Experiencing and noticing the physical world, scanning for visible reactions and relevant data.You are one with the experience. There is no "naming" or describing - just pure, vivid experience. The whole scene comes into your awareness almost at once. You may be drawn to experience more and more, seeking any variation that will intensely excite the senses. Writing that is richly descriptive can also evoke extraverted Sensing as can other mental stimulation. The process is momentary and tied to the events of the iminediate situation. It is used in the here and now and helps us know what is really there in the physical world and to adapt to it. Extraverted Sensing occurs when we scan for information that is relevant to our interests, then we mentally register data and facts such as baseball statistics, the locations of all the restaurants in town, or the names of all the actors in the popular television shows. There can be an active seeking of more and more input to get the whole picture until all sources of input have been exhausted or something else captures our attention. Associated behaviors include eating a whole box of chocolates for the variety of tastes; playing an instrument for hours with pure enjoyment, not for practice; voracious reading or continual asking of questions to get specifics.

Introverted Sensing (Si)

Recalling past experiences, remembering detailed data and what it is linked to. Introverted Sensing often involves storing data and information, then comparing and contrasting the current stimulation with similar ones. The immediate experience or words are instantly linked with the prior experiences and one registers that there is a similarity or a difference - for example, noticing that some food doesn't taste the same and is saltier than it usually is. Introverted Sensing is also operating when you see someone who reminds you of someone else. Sometimes the feeling-tone associated with the recalled image comes into your awareness along with the information itself. Then the image can be so strong, your body responds as if reliving the experience. This could be seen as a source of feelings of nostalgia or longing for the way things were. In one instance, a young couple living in Europe spent their weekends trying out restaurants looking for food that tasted like American food.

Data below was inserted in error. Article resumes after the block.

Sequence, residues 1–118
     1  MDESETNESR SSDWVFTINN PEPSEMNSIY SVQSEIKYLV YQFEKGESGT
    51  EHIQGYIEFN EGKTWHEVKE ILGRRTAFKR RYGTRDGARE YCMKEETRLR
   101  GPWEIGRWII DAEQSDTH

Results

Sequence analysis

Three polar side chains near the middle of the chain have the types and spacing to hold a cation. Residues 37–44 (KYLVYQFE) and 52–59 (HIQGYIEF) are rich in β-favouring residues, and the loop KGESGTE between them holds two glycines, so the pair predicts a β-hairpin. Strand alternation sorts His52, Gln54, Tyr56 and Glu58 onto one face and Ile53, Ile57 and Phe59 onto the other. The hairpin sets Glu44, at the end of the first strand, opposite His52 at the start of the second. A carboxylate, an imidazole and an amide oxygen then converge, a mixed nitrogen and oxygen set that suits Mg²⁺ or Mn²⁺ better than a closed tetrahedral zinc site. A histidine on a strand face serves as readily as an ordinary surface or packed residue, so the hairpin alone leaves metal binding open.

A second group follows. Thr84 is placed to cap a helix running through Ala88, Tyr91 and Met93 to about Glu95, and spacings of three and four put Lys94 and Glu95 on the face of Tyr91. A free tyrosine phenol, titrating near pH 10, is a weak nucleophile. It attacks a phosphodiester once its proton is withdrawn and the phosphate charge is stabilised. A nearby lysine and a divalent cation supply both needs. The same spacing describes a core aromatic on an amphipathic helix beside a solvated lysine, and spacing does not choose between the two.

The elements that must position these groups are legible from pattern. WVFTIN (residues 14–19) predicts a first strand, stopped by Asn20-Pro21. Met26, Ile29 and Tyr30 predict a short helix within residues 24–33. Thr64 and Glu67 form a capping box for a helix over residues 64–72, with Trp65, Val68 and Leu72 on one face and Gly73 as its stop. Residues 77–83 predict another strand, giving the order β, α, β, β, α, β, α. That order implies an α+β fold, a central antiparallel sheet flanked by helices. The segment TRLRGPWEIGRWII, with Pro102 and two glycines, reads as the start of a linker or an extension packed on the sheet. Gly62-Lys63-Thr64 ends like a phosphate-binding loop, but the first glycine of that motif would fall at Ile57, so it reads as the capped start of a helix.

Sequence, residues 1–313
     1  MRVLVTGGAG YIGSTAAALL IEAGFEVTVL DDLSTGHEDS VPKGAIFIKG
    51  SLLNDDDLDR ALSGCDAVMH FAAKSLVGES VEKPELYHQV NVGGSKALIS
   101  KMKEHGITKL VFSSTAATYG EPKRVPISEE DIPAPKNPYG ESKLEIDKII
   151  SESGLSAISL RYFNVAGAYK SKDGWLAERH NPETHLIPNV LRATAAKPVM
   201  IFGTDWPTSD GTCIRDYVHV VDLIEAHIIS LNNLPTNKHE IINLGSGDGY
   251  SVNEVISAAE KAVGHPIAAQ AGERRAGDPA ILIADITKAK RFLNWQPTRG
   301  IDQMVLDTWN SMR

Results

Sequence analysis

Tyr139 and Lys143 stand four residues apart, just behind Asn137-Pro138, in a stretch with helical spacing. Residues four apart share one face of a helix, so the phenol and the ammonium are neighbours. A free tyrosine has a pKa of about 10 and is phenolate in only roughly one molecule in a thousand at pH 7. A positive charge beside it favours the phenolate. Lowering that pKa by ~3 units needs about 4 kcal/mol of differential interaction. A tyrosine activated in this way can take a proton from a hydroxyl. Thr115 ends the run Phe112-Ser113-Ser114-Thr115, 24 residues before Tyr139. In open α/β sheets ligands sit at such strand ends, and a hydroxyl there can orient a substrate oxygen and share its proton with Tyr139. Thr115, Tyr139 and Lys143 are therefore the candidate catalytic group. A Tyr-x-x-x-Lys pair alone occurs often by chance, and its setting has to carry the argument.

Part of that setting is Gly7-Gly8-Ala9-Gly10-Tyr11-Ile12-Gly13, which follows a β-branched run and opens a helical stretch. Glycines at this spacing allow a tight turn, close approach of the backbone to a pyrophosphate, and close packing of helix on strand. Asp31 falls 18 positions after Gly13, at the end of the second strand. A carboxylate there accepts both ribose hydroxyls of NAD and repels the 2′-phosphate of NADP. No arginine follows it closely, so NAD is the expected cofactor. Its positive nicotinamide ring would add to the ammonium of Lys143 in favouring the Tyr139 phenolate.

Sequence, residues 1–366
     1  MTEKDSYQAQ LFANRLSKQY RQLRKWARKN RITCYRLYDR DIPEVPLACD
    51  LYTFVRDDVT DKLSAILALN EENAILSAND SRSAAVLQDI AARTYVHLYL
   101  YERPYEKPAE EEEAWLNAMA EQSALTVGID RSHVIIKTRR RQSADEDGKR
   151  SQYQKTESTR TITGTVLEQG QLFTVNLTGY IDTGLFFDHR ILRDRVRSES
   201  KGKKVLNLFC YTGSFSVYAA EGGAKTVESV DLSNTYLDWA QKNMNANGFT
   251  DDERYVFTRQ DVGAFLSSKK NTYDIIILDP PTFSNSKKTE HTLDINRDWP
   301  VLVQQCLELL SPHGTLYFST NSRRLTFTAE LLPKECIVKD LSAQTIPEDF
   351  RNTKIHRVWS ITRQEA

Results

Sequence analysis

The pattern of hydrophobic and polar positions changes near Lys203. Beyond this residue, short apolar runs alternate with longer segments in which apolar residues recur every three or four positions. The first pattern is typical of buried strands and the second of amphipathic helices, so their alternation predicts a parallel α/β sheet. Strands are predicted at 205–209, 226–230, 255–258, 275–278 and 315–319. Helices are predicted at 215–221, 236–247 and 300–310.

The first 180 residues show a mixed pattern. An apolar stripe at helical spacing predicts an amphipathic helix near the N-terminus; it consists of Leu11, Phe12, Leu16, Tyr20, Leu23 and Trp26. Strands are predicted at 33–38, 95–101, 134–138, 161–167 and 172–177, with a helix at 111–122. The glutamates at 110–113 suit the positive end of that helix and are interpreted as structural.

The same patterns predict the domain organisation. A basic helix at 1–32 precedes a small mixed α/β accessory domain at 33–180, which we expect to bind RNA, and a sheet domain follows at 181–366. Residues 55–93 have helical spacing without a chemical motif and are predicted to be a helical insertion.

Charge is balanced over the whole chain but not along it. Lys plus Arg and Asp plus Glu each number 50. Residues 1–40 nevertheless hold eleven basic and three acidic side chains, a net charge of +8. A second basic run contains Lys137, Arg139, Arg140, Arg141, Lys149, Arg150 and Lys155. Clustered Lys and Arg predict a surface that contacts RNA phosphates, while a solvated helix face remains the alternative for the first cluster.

INTUITING is a process of becoming aware of abstract information, like symbols, conceptual patterns, and meanings. It is an intangible "knowing" of what something means, how it relates to something else, or what might happen. Some call this the "sixth" sense. Sometimes this process is by an external event, or sometimes this abstract information just seems to present itself to our awareness.

Extraverted iNtuition (Ne)

Inferring relationships, noticing threads of meaning, and scanning for what could be. Extraverted iNtuiting involves seeing things "as if" with various possible ways of representing reality. Using this process, we can hold many different ideas, thoughts, beliefs, and meanings in our minds at once with the possibility that they are all true. This is like weaving themes and "threads" together. We don't know the weave until a thought thread appears or is drawn out in the interaction with a previous one. Thus there is often an emergent quality to using this process. A strategy or concept emerges based on the here-and-now interactions, not appearing as a whole beforehand. Extraverted iNtuiting involves realizing that there is always another view. An example is when you listen to one friend tell about an argument and understand perfectly and then listen to another friend tell a contradictory story and understand that view also. Then you wonder what the real story is because there are always so many different possible meanings.